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An Englishman's Home

Some folks like to say, home is where the heart is.

But down in the Gutter, we say, home is where meat hangs . . .

An Englishman's Home by Christopher P. Mooney



“For a man’s house is his castle, and each man’s house is his safest refuge.”
The Institutes of the Laws of England, 1628.

Lester Kalms had yet another long, stressful day at work and was glad to finally get home. He checked the contents of the bedside table’s bottom drawer, switched off the lamp and got into bed; letting the inky darkness wash over him.

He didn’t have to wait long.

After less than a few hours of shallow, dreamless sleep, he heard it: the unmistakable sound of a stranger moving around downstairs.

He waited until the faint remnants of sleep had cleared and his eyes, open wide now, had adjusted to the pitch black. Then, very slowly, he got up.

It was soon out of the drawer and in his right hand, the grooves of the handle familiar against his palm.
       
The next move was to make his way downstairs, being careful to avoid the loose step; the fourth from bottom. That was a mistake he was determined not to make twice.

Having checked that the front door was locked, he proceeded to turn on the light in the hall.

It was when Lester Kalms stepped into the kitchen and switched on the light in there that he saw him. He was of medium height and had sallow skin. His desperate, dark eyes, which hinted at a difficult life, were sunk back in his skull behind high, protruding cheekbones. The dark-coloured clothes covering his thin frame were threadbare and would have offered no real protection against the chill wind swirling around outside.

The man’s only words, when they came, were hesitant. The voice that spoke them was barely above a whisper, “I saw ... on the door … I’m cold. And very hungry. Can I ... ?”
               
Lester Kalms gave no indication that he'd heard. He stood completely still, regarding the person in front of him with a hard indifference. The yellow glare of the bulb was stark against Lester Kalm’s naked body and glistened against the steel in his hand.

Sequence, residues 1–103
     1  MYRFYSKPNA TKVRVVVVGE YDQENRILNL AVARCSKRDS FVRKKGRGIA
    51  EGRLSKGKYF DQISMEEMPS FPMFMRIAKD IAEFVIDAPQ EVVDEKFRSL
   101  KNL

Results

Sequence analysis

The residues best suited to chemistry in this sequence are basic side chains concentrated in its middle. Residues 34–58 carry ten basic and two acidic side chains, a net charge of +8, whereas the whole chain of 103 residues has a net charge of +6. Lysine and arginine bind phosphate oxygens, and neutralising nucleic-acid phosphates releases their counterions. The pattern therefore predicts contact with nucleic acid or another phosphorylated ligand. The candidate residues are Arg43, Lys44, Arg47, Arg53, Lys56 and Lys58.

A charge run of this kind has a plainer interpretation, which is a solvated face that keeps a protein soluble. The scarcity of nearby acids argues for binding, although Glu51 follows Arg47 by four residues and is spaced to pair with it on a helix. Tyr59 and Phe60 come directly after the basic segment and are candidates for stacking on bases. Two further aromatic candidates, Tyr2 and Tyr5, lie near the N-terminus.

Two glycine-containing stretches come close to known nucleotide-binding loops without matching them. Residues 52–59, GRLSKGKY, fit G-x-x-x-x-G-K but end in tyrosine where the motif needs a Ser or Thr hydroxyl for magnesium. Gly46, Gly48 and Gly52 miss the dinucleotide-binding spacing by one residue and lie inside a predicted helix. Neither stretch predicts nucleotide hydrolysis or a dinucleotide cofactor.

After several uncomfortable moments during which the stranger shuffled nervously, Lester Kalms, the homeowner with a well-paid white-collar job at a multinational company, took two quick steps forward and, raising his right arm, plunged the screwdriver into the other man’s left eye.
               
The effects were immediate and significant. The man instinctively raised both hands and clamped them over the gaping wound; a gesture which shielded the look of confused horror on his face but did nothing to muffle the agonized cry that escaped from his lips.
               
He dropped firstly to his knees and then face-first onto the floor, where he lay motionless as his life slowly began ebbing away. A pool of thick, red blood spread quickly on the ceramic tiles.
               
Lester Kalms waited until he was sure the man was dead and turned his heels to the corpse, making his way out of the kitchen and toward the front door. He put the key back in the lock, turned it clockwise once and pulled the door open. He removed a piece of paper from the outside of the door; on which was written in large block capitals, IF YOU ARE HUNGRY AND HOMELESS, PLEASE COME IN AND HELP YOURSELF TO SOMETHING TO EAT, and again closed and locked the door from the inside. He made sure to switch off the small light that hung above the door’s exterior. 
             
Lester Kalms, still unclothed, went back into the house. He picked up the corpse and hauled it up over his right shoulder. Straining under the weight, he made his way down to the basement, where he casually dumped that night’s victim on top of the others before returning the house to darkness and getting back under the covers of his still-warm bed.


Christopher P. Mooney was born and raised in Glasgow, Scotland, and currently survives in a small house near London, England. At various times in his life he has been a supermarket cashier, a shelf stacker, a barman, a cinema usher, a carpet-fitter’s labourer and a foreign-language assistant. He is now a professional teacher of French and English and an amateur writer of crime fiction, horror fiction and eclectic poetry. His stories and poems have been accepted for publication in print, online and on Kindle by Crooked Holster, Spelk Fiction, Dead Guns Press, Devolution Z, Revolution John, Out of the Gutter and Yellow Mama.